I'm someone who always strives to know more about myself — I ended up getting into therapy last year, which proved immensely helpful in my journey to understanding why my hatred for my own body (the glorious, amazing thing keeping me alive every day!) ran so deep.

I realized that I cared way too much about what other people thought of me.

I'm someone who has a bone-deep desire to be liked. By everyone. And I thought the way to do that was to change the way my body looked. To change the way I looked. And I was so, so wrong.

Learning how to love myself changed everything for me.

I started wearing clothes that fit my body rather than trying to jam myself into things that didn't fit. I cultivated space for myself, speaking out and lending my voice to social and feminist issues. Sure, some friends faded away, but others got even closer to me.

I worked out in ways that were fun rather punishment for my body. I started going to spinning classes and got back into yoga. I ate food that was delicious but also healthy because that's what made me feel good, even if it didn't make me lose weight.

And most importantly, I came to realize that there are so many wonderful people in this world who deserve love and happiness, and no matter what size I am, I'm one of them.

In a world of poisonous self-deprecation and self-loathing, loving yourself isn't just refreshing. It can be revolutionary.

Family
Photo by Hunters Race on Unsplash

If you're a woman and you want to be a CEO, you should probably think about changing your name to "Jeffrey" or "Michael." Or possibly even "Michael Jeffreys" or "Jeffrey Michaels."

According to Fortune, last year, more men named Jeffrey and Michael became CEOs of America's top companies than women. A whopping total of one woman became a CEO, while two men named Jeffrey took the title, and two men named Michael moved into the C-suite as well.

The "New CEO Report" for 2018, which looks at new CEOS for the 250 largest S&P 500 companies, found that 23 people were appointed to the position of CEO. Only one of those 23 people was a woman. Michelle Gass, the new CEO of Kohl's, was the lone female on the list.

Keep Reading Show less
popular

Netflix

How much of what we do is influenced by what we see on TV? When it comes to risky behavior, Netflix isn't taking any chances.

After receiving a lot of heat, the streaming platform is finally removing a controversial scenedepicting teen suicide in season one of "13 Reasons Why. The decision comes two years after the show's release after statistics reveal an uptick in teen suicide.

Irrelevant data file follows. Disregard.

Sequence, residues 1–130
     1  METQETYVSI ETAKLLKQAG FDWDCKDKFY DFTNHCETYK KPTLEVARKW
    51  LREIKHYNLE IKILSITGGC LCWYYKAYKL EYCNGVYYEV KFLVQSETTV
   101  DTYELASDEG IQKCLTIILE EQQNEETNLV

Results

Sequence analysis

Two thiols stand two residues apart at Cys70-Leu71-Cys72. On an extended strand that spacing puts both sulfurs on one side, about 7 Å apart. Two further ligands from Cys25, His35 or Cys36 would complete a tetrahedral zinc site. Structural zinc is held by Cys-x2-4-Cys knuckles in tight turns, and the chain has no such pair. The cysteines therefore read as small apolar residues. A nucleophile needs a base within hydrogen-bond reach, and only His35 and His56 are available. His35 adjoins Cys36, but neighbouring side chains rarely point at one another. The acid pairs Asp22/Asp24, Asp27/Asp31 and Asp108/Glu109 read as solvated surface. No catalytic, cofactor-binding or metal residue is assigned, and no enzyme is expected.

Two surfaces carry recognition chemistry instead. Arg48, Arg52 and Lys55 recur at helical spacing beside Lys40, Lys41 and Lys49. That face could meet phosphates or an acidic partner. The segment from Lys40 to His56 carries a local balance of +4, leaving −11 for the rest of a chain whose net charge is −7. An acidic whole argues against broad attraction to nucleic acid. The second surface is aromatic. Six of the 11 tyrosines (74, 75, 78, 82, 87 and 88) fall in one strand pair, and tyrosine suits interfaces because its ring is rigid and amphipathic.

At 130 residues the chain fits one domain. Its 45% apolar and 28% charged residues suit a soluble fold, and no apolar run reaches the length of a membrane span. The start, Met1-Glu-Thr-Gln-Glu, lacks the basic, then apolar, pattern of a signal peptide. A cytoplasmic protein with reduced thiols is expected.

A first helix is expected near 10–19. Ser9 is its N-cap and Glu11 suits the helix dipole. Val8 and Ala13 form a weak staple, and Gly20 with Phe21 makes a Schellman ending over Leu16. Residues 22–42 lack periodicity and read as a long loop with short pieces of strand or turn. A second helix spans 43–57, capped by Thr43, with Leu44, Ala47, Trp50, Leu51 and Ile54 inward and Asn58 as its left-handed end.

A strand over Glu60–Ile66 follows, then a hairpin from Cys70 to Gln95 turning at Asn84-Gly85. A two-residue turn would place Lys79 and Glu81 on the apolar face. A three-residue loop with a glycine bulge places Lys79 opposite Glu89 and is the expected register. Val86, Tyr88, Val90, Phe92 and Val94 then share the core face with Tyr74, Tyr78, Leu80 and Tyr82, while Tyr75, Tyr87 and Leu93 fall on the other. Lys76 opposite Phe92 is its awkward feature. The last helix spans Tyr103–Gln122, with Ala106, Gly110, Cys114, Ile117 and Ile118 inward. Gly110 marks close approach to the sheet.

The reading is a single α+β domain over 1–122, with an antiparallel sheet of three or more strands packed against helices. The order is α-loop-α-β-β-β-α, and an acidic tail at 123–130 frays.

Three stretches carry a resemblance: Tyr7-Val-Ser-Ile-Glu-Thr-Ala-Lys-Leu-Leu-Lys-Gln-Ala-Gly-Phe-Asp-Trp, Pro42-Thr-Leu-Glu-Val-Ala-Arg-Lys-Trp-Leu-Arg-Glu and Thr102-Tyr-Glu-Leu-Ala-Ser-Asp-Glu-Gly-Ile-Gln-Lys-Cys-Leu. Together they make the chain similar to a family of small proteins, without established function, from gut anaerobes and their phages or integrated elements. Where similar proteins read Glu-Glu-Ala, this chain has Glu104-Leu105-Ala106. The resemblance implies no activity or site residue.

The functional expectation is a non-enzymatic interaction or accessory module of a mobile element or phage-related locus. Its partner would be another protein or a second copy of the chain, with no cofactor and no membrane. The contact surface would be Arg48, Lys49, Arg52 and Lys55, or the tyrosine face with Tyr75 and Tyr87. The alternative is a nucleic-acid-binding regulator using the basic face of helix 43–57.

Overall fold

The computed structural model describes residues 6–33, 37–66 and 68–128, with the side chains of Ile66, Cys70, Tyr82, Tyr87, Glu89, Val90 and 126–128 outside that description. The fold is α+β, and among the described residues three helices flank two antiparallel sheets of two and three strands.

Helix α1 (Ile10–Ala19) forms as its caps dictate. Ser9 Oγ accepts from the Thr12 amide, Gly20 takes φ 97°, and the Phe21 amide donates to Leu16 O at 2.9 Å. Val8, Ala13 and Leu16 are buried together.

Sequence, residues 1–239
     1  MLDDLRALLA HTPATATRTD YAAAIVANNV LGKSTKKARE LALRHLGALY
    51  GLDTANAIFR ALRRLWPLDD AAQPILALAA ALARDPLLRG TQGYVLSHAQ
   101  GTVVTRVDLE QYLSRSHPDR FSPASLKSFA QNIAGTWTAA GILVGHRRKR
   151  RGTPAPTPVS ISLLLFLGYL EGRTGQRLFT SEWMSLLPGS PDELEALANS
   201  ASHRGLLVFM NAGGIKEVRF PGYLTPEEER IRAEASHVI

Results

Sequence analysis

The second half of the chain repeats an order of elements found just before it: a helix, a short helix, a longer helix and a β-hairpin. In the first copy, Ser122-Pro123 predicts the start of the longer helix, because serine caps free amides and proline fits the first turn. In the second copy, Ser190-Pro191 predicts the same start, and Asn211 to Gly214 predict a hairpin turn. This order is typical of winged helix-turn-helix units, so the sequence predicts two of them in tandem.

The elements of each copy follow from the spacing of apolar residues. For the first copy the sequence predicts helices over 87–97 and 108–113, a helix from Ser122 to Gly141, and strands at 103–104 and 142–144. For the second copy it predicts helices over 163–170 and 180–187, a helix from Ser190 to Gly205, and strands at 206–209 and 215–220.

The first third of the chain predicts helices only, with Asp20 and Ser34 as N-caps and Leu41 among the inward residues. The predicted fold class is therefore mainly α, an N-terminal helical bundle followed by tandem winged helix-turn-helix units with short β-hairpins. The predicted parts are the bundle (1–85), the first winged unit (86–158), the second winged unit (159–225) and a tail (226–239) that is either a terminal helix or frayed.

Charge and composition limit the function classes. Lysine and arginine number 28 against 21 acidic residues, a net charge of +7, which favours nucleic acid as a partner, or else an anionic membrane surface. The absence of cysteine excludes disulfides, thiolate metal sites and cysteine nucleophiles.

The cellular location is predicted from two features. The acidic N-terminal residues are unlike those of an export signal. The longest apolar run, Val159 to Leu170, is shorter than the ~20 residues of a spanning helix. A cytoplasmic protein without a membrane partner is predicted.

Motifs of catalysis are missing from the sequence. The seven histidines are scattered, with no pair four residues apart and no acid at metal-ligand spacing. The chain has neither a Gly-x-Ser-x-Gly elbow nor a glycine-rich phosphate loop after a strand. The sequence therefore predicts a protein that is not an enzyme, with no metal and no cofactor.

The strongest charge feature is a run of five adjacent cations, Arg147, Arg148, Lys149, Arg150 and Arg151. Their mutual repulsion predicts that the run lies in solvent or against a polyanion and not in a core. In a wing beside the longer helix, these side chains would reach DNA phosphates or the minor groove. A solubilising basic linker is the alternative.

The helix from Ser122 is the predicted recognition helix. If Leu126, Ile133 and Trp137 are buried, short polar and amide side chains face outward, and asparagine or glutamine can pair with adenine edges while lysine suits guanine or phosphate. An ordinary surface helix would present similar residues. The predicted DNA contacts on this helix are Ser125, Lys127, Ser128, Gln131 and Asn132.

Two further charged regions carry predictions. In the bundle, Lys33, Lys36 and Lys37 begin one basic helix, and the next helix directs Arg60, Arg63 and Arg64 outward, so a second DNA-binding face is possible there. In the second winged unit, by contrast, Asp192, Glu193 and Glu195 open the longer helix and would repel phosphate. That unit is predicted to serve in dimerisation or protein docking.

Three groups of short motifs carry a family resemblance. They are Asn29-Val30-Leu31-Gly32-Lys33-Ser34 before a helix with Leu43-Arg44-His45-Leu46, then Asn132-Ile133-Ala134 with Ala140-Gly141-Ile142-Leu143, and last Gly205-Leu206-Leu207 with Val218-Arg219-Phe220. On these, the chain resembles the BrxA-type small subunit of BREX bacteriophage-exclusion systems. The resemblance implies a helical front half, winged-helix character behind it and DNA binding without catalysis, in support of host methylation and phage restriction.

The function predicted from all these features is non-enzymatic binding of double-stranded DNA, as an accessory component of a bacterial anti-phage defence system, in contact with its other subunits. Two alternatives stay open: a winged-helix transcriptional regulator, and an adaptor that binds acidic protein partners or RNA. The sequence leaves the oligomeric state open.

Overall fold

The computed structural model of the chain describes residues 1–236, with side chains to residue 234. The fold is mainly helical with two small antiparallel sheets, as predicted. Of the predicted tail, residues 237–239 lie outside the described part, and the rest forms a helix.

"As we prepare to launch season three later this summer, we've been mindful about the ongoing debate around the show. So on the advice of medical experts, including Dr. Christine Moutier, Chief Medical Officer at the American Foundation for Suicide Prevention, we've decided with creator Brian Yorkey and the producers to edit the scene in which Hannah takes her own life from season one," Netflix said in a statement, per The Hollywood Reporter.

Keep Reading Show less
Culture

At Trump's 'Social Media Summit' on Thursday, he bizarrely claimed Arnold Schwarzenegger had 'died' and he had witnessed said death. Wait, what?!


He didn't mean it literally - thank God. You can't be too sure! After all, he seemed to think that Frederick Douglass was still alive in February. More recently, he described a world in which the 1770s included airports. His laissez-faire approach to chronology is confusing, to say the least.

Keep Reading Show less
Democracy

Words matter. And they especially matter when we are talking about the safety and well-being of children.

While the #MeToo movement has shed light on sexual assault allegations that have long been swept under the rug, it has also brought to the forefront the language we use when discussing such cases. As a writer, I appreciate the importance of using varied wording, but it's vital we try to remain as accurate as possible in how we describe things.

There can be gray area in some topics, but some phrases being published by the media regarding sexual predation are not gray and need to be nixed completely—not only because they dilute the severity of the crime, but because they are simply inaccurate by definition.

One such phrase is "non-consensual sex with a minor." First of all, non-consensual sex is "rape" no matter who is involved. Second of all, most minors legally cannot consent to sex (the age of consent in the U.S. ranges by state from 16 to 18), so sex with a minor is almost always non-consensual by definition. Call it what it is—child rape or statutory rape, depending on circumstances—not "non-consensual sex."

Keep Reading Show less
Culture